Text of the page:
energy is called the solar wind or solar plasma.

at a velocity of up to 300 miles-per-second and has a density of about 10 particles per cubic centimeter at the orbit of the Earth. One school of thought is that solar wind is merely an extension of the Sun's atmosphere or corona. We do know that

during.periods of solar activity—flares—the velocity of the solar wind increases. One of the most dramatic effects of the solar wind is that it apparently distorts the shape of the geomagnetic 'cavity in which the Earth is located. the magnetosphere. The Sun side of the magnetosphere, it is believed, tends to be compressed toward the Earth because of the pressure exerted This cavity or envelope is called


-15upon it by the continual flow of solar v/ind. The portion of

the magnetosphere which extends behind the Earth away from the Sun is believed to trail off at some as yet unknown limit. Thus,

from a perspective in space, the solar wind tends to shape the magnetosphere in an "air foil" or aerodynamic manner. The mapping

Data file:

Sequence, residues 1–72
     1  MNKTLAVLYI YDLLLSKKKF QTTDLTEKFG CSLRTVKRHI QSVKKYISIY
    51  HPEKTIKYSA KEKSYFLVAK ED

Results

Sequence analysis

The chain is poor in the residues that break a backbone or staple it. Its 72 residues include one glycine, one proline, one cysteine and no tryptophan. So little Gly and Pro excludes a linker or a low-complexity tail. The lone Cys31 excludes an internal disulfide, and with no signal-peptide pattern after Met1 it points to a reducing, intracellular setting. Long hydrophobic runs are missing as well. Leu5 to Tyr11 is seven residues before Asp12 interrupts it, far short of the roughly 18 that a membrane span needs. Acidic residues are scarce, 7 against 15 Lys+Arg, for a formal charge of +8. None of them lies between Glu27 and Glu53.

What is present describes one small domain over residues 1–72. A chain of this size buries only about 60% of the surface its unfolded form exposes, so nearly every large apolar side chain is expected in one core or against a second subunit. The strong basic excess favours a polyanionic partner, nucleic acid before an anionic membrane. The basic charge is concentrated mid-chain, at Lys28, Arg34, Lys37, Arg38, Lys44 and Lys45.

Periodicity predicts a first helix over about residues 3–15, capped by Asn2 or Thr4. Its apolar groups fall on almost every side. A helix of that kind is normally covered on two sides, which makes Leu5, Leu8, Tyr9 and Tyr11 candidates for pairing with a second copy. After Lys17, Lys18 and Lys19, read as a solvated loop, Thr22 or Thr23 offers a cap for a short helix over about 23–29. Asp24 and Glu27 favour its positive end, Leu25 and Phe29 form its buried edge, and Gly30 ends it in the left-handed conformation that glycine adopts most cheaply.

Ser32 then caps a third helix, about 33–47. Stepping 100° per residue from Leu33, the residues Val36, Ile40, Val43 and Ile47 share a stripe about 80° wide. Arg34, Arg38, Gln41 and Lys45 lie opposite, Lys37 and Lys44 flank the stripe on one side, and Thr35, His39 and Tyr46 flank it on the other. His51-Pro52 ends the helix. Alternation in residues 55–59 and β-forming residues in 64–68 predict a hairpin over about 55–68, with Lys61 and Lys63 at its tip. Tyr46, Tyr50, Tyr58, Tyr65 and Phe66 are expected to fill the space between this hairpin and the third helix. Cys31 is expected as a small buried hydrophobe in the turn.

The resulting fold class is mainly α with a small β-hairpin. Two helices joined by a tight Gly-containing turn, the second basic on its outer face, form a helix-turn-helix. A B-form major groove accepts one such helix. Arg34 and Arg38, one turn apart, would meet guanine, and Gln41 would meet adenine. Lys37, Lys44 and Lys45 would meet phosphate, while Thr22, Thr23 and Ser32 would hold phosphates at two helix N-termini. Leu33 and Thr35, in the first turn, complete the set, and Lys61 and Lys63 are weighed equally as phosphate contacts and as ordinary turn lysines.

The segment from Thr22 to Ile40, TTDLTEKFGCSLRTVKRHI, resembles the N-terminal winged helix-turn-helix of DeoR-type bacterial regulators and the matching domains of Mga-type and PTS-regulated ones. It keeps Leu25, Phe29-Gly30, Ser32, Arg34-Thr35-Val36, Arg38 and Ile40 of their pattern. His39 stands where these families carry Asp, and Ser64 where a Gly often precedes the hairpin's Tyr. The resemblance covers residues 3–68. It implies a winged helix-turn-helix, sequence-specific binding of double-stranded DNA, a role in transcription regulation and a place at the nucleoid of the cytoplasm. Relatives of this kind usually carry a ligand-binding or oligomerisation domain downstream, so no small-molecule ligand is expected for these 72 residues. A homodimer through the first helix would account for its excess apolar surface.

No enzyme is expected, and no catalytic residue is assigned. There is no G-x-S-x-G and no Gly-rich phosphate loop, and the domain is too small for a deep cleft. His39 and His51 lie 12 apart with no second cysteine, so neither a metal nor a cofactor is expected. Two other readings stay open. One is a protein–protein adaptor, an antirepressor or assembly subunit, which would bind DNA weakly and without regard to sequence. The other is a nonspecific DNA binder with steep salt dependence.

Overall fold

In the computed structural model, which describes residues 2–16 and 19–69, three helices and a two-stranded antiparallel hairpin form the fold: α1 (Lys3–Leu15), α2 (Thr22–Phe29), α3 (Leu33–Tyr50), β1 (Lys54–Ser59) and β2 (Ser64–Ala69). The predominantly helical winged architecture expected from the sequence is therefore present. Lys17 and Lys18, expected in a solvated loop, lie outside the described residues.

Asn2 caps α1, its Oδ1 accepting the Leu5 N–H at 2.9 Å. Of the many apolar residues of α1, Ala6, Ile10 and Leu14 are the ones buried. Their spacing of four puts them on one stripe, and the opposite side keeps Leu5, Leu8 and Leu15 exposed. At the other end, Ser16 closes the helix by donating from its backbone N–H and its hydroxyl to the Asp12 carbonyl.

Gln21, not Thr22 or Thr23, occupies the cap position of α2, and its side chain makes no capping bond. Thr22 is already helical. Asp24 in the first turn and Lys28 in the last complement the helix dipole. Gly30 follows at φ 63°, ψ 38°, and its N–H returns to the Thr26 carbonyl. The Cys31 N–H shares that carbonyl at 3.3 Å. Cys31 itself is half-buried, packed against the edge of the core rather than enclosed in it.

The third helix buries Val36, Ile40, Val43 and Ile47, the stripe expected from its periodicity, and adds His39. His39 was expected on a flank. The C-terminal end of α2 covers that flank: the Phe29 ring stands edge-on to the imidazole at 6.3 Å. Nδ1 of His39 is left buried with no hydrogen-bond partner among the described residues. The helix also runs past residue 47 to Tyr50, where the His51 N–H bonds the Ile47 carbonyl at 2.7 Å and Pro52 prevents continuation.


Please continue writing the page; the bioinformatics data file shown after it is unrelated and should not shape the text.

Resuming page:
of the backside of the magnetosphere, and determining its composition, is one of the major scientific objectives of the IMP program. Three experiments will study the effects of solar wind in interplanetary space. - A curved-plate electrostatic analyzer will separate solar particles in terms of their energy. After separation,

the particles will produce a current—which is a function of the energy level—and can be measured by an electrometer circuit. The device is calibrated to determine solar v/ind particle flux in the vicinity of the IMP A. To do its job, proton concentrations are determined by admitting them through a slit of known dimensions in the side of the satellite (NASA Ames Research Center) - Another way of measuring the solar v/ind is to use a device which permits particles to enter a six-inch-diameter surface through a series of grids which separates electrons and low-energy positive particles. This instrument can